Imagine a state where the residents of its too largest cities have no way of getting back and forth except by a crammed highway. Imagine a state famous for its renewable energy potential but the only way of traveling the 120 miles between its most important cities was to burn imported fossil fuels. Sounds like a solar powered train would be the way to go to fix that egregious transportation oversight, and that's exactly the plan of the newly formed Silver Bullet LLC based in Tucson Arizona. They are planning to build a high-speed solar powered train to the will go from Tucson to Phoenix Arizona in "about 30 minutes. I am glad to hear that when they say "high-speed" train they are not aiming for being just fast enough to be a "high-speed" train, but they are seeking to go nearly twice as fast as the minimum speed requirement by European Union standards and 2.6 times faster than the American standard*.
Talk about slick. A very interesting feature is the photovoltaic canopy. I asked Ray Wright, one of the business partners on the project, why did they decided to go for the line instead of one aggregated location. He said the the linear system drastically cuts power losses from transmission and that they are investigating the net effects on cost and logistics of security and maintenance. He suggests it will probably be easier for automated cleaning of the panels this way, but that they are still looking into it. Also he says there is a larger advantage in this which is that you do not need to convert the energy from DC (what solar and wind energy always produce) to AC (which is what our grid uses)** thus avoiding conversion losses as well as transmission losses. Some commentators on the Treehugger article on the subject said that the panels should be next to the tracks and not in a canopy to lower construction costs, but I would imagine that that would put them in far greater risk of damage.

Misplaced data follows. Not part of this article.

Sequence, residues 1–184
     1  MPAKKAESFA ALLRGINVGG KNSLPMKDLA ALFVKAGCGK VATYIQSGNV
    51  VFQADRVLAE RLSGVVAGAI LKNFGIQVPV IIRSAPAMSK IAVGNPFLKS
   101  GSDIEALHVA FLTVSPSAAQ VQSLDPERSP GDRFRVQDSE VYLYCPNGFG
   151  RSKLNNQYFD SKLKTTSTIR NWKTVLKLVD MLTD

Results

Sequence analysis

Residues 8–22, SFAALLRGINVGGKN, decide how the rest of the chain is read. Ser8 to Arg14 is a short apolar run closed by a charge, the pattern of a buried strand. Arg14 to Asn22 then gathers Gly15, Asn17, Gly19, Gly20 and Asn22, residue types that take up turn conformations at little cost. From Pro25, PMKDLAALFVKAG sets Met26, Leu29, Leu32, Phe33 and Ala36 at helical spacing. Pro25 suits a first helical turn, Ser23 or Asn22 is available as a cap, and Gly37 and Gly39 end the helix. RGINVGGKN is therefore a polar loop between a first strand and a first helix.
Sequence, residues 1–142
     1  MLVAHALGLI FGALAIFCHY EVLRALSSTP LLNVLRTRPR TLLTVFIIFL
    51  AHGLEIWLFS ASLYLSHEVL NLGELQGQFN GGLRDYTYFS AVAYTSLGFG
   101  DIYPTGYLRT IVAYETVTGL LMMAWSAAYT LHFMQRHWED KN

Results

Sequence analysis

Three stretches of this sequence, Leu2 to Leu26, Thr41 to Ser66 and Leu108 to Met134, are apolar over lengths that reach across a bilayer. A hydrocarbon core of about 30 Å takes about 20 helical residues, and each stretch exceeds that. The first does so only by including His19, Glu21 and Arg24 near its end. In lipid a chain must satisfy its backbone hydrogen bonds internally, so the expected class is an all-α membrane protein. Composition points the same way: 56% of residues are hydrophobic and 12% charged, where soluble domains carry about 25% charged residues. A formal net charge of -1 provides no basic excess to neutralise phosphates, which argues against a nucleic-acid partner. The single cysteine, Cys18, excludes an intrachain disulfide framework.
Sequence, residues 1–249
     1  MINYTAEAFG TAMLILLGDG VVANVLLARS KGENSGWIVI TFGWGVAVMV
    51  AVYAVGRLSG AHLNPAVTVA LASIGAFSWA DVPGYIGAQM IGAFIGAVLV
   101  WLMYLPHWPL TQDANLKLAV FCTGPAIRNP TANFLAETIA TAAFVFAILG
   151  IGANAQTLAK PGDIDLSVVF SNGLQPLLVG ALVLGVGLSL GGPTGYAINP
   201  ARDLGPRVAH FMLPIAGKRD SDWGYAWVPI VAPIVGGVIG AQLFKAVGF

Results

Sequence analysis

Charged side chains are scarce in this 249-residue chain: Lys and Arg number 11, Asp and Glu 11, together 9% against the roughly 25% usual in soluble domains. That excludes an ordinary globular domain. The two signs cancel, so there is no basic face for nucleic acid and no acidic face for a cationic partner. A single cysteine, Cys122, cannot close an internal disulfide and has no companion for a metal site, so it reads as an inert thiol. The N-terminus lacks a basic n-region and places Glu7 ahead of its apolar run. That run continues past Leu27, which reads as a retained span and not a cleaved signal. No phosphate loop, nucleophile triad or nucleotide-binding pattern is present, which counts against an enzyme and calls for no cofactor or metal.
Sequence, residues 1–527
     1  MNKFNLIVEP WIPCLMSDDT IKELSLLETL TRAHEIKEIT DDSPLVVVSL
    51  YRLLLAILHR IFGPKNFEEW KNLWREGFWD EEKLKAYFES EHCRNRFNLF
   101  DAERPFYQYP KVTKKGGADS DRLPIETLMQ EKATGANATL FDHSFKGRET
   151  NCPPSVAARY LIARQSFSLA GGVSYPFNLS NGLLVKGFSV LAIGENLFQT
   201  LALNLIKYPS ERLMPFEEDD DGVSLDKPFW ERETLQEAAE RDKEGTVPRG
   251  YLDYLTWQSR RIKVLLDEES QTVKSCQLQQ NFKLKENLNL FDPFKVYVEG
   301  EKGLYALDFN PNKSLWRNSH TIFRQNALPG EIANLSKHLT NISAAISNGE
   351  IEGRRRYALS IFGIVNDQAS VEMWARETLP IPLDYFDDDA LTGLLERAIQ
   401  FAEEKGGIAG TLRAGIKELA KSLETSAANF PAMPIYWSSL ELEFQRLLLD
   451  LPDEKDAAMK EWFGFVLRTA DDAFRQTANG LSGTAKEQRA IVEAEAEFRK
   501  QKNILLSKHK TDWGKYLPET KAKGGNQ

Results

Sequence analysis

Of course there is always the question of how do you store the energy. Mr. Wright explained that,
An important thing to remember about pv technology is that it functions with light, not with heat. In fact, most solar cells have efficiency loses if it's too hot out which I bet will be a concern of the Silver Bullet. Then again, they seem to be committed to the line of power generation idea which can only work with PV, not with solar-thermal.
Operation is planned to start in 2018, and hopefully they'll have worked out the kinks in their plans and have gone forward to build something that will help Arizona have a brighter future.
*And I always thought we Americans we more obsessed with the newest, biggest and fastest thing, I guess we don't include infrastructure.
^Not a materials standpoint as it'll take a lot of energy to make the metals used for the tracks and trains. Of course it's less material than expanding the I-10, the highway that connects the cities.
**For more info on the AC vs DC front, read up about the War of Currents